Possibly inhabited continuously from the Chalcolithic to Roman times, the city of Kanesh (or Kaneš) was located in what now constitutes the Kayseri province in central Turkey. And while the settlement thrived under both the Hurrians and Hittites, a significant portion of its ruins pertains to the large kārum (merchant colony) of the Old Assyrian Empire, dating from circa 21st to 18th century BC. And it is this period of history that has once again come back under focus, by virtue of the recent analysis of 4,000-year old clay tablets. Inscribed in cuneiform script by Bronze Age merchants, the deciphered artifacts inadvertently also provide clues to the location of 26 ancient Assyrian cities, 11 of which are now lost to the rigors of time.
The researchers, comprising Harvard University lecturer Gojko Barjamovic and three economists, were painstakingly able to decipher over 1,200 clay tablet from the region. Now objectively, these cuneiform-inscribed objects documented business and shipment transactions, along with personal contracts, including marriage certificates. However, the researchers were successful in formulating an analytical system that determined the names and locations of the settlements that were gleaned from many such trade shipments.
It should be noted that the Assyrian tablets do not actually confirm the exact coordinates of the cities, lost or known. But based on the logic and data of land-traveled trade distance and how cities in proximity used to trade more frequently, Barjamovic was able to establish a ‘map’ signifying such ancient networks. Dubbed as the ‘structural gravity model’, this analytical system provides an approximation of the location of aforementioned 26 cities, including the 11 ones that are lost to historians.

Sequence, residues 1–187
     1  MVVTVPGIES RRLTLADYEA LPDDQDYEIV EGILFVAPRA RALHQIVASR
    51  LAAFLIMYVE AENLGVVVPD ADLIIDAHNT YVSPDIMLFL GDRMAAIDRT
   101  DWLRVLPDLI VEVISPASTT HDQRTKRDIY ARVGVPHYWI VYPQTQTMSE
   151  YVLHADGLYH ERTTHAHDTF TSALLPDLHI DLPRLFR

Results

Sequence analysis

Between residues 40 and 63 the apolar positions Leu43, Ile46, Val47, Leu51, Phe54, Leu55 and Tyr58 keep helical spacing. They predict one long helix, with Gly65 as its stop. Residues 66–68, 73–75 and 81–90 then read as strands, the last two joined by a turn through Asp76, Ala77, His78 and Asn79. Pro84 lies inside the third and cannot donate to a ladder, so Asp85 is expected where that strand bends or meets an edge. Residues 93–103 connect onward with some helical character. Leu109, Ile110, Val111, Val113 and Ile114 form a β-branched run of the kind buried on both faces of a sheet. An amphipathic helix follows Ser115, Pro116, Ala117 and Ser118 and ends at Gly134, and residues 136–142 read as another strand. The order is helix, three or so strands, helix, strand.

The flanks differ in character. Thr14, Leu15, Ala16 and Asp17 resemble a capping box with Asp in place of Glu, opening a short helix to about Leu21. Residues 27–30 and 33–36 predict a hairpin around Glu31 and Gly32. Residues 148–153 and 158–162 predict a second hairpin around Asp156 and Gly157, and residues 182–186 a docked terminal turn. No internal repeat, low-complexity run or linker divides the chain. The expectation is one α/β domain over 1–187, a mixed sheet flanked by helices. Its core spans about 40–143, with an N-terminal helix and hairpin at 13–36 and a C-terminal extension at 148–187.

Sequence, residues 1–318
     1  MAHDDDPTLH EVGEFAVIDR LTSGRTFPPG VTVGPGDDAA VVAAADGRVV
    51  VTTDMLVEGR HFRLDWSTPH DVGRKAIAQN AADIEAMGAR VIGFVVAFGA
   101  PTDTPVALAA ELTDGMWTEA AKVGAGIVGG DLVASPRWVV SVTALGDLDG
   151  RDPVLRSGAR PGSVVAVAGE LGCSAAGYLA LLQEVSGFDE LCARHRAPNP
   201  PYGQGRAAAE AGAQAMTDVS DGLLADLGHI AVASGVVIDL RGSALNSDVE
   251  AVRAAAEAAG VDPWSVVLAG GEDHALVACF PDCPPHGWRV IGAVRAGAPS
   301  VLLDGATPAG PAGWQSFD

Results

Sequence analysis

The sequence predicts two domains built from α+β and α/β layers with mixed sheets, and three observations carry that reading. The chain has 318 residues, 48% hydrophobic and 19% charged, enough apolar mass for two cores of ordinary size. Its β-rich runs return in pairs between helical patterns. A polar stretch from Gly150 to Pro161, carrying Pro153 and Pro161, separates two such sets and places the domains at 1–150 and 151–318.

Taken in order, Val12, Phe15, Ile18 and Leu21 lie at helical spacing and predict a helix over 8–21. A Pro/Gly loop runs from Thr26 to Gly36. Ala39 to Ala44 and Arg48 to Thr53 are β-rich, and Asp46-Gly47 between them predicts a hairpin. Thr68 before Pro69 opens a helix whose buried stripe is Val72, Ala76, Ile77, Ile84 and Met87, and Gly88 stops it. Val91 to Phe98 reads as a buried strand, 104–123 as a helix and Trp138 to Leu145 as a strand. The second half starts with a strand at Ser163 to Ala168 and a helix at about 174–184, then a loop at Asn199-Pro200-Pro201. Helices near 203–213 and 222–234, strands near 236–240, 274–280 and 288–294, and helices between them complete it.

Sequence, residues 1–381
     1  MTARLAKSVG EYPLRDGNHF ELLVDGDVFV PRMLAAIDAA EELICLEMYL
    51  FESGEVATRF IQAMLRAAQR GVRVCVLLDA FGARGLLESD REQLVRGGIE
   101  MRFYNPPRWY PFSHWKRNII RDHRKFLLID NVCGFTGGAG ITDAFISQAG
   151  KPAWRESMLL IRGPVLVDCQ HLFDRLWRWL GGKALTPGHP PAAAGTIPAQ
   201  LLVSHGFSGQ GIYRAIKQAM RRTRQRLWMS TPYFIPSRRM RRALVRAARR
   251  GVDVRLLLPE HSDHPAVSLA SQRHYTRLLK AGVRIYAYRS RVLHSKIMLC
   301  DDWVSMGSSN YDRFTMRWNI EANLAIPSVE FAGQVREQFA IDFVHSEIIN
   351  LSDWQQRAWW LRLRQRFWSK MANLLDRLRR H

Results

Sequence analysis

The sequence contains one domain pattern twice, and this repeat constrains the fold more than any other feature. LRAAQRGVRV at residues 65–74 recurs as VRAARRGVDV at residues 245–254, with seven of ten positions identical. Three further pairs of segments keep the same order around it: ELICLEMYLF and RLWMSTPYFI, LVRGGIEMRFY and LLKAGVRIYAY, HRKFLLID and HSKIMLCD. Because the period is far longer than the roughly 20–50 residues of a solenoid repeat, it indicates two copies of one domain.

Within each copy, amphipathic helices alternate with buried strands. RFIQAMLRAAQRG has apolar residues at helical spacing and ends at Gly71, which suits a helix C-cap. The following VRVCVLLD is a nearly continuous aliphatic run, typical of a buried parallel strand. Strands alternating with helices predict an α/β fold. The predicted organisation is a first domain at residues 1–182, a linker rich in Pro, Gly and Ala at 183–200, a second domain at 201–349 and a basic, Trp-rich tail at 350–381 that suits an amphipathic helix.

Interestingly enough, their quantitative model was compared and matched with the various hypotheses regarding the lost cities, and the majority of the results tended to favor existing conjectures. As the researchers wrote –
For a majority of the lost cities, our quantitative estimates come remarkably close to the qualitative conjectures produced by historians, corroborating both such historical models and our purely quantitative method. Moreover, in some cases where historians disagree on the likely location of a lost city, our quantitative method supports the conjecture of some historians and rejects that of others.
The study was originally published as a working paper in the National Bureau of Economic Research.